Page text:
Some of the most interesting and exciting travel destinations come with a heightened level of risk. This can be due to the threat of terrorism, ongoing political instability, or even a recent natural disaster.
A common exclusion on every travel insurance policy is you will not be covered if you visit a country where a travel warning has been issued. The Department of Foreign Affairs and Trade (DFAT) advises Australian travellers whether or not it is safe to travel to various countries. Check the Smartraveller website for up-to-date advisories.
Another common exclusion whether it’s reasonable to expect that you knew a destination was unsafe for travel due to reports in the mass media. It’s important to check with your insurer to find out if they will cover you if you are planning on visiting somewhere that is known to be hazardous.
Other important travel insurance exclusions
Although general exclusions vary between insurers, your claim will usually not be paid if:
- It arises because you were under the influence of alcohol or drugs
- You leave your luggage or personal belongings unattended in a public place and they are stolen
- You fail to take all reasonable steps to prevent and minimise loss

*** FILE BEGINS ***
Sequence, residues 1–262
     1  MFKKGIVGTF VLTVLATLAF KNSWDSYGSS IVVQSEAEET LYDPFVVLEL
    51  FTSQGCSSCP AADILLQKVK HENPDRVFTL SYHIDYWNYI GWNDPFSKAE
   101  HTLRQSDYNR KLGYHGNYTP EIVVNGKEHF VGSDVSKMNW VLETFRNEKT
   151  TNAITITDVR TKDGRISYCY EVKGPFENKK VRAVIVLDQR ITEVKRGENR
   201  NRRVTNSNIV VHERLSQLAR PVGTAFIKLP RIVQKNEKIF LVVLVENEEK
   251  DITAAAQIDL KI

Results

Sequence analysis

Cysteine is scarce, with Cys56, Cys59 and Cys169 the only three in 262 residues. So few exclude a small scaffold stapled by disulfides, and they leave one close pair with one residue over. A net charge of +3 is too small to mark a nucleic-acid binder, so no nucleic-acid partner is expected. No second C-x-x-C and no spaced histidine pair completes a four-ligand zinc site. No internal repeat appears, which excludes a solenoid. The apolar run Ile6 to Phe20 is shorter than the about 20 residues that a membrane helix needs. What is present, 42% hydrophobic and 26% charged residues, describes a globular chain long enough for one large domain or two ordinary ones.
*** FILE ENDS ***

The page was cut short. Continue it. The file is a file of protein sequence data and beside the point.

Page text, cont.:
- Your claim arises because you were breaking the law or behaving recklessly
- Your claim is caused by a government authority withholding, confiscating, detaining or destroying anything
- Your claim is for childbirth overseas, or if you travel any later than 26 weeks into your pregnancy
- It is for a sexually transmitted disease
- Your claim arises because you were riding a motorcycle without wearing a helmet or without holding a valid licence in the country you are in
- Your claim is for suicide or attempted suicide
- Your claim is caused by an act of war, rebellion or insurrection
- Your claim arises due to error or omissions in your booking or travel arrangements
- You fail to obtain the appropriate visa for the country you are visiting
- You fail to follow the road rules in the country you are in